And all this without saying a word — well, his mouth is stitched closed — or giving away, or caring to flaunt, who’s inside that unbear-ably thick, heavy, often sweaty costume, in need of frequent dry cleaning.
“He sweats a lot, a lot, a lot, and the suit can stink,” explains Diane Milano, a longtime director of Cal spirit groups who retired last June. A rare look into Oski’s secret lair, or dressing room, revealed numerous bottles of air freshener and disinfectant. Oski keeps cool using another of his classic moves – sipping water through a straw that enters a hole in his right eye.
Also keeping mum are students on the secret Oski Committee, a group described as “Oski’s inner circle,” who use code words like “our friend” when talking about him with each other in public. The online application students fill out – when no one’s looking, of course — informs hopefuls that group members are “honor-bound to keep Oski’s secrets.”
“There are very few mascots across the country that have a secret identity like Oski,” says Milano. “We take pride that our mascot’s a secret, a tradition, that’s been handed down from year to year,” says Milano, “from one Oski to another.”
Aura of secrecy
The secrecy surrounding Oski began with William C. “Rocky” Rockwell, a transfer student from Long Beach Junior College who arrived at Berkeley in 1940. While in Southern California, he’d worn his school’s “Ole Olson the Viking” mascot suit at athletic events and a parade.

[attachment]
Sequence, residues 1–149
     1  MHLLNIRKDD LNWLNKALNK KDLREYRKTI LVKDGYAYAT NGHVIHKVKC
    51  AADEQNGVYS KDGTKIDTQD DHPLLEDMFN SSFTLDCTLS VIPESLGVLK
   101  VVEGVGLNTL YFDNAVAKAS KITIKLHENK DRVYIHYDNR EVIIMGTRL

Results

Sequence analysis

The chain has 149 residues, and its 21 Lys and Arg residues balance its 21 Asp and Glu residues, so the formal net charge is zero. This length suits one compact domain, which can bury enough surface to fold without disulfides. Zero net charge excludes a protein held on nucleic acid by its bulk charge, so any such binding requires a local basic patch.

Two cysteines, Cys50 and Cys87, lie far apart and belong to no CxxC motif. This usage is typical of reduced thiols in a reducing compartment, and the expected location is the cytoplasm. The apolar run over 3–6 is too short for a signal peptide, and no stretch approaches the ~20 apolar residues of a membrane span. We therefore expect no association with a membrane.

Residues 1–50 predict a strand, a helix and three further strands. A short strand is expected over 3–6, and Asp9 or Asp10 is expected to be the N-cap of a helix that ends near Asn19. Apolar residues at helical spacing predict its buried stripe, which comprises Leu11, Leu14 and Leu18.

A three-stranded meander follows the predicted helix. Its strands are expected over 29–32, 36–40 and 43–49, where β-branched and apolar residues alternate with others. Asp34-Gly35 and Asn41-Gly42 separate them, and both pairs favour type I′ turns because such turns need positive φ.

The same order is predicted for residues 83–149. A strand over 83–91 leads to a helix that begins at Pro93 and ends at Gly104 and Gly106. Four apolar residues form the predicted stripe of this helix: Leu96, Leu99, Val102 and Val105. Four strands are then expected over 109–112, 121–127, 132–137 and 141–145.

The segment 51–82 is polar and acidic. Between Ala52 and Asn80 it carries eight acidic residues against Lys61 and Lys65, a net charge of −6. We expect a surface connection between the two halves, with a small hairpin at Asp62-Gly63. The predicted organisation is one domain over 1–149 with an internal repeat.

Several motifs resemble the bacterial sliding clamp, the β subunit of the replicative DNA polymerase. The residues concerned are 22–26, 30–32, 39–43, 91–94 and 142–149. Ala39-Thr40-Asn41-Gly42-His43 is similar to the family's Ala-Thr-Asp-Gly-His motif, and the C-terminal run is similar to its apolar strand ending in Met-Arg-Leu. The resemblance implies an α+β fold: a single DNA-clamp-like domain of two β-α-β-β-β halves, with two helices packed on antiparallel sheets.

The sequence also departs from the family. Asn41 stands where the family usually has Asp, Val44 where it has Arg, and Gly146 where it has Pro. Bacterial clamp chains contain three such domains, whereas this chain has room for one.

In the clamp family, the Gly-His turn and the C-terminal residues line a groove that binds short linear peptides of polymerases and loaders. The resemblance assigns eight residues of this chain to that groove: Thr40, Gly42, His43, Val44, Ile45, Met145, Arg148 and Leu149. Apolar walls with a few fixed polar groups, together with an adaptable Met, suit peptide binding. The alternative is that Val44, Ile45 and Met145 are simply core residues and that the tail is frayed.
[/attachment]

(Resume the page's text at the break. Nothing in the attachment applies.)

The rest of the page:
At Berkeley, Rockwell thought it was time to replace the live bears being used as school mascots – the first was a cub donated to Berkeley in 1930 – with one that couldn’t grow big and unruly.
He created a bear suit by sewing together two pairs of old pants, painting some large football shoes gold, putting stomach padding inside a baggy sweater and adding a pair of gloves. He made a mold for a bear head – with two big front teeth – out of clay, shaping it around an old football helmet.
Then-Daily Cal art editor Warrington Colescott helped Rockwell brainstorm facial expressions for the bear and offered the name Oski, instead of Rockwell’s suggestion of Algy. “Oski Wow Wow” had long been part of spirit yells at Berkeley and other schools, and the word oski, or the acronym OSCI (other side caught it), was a football term.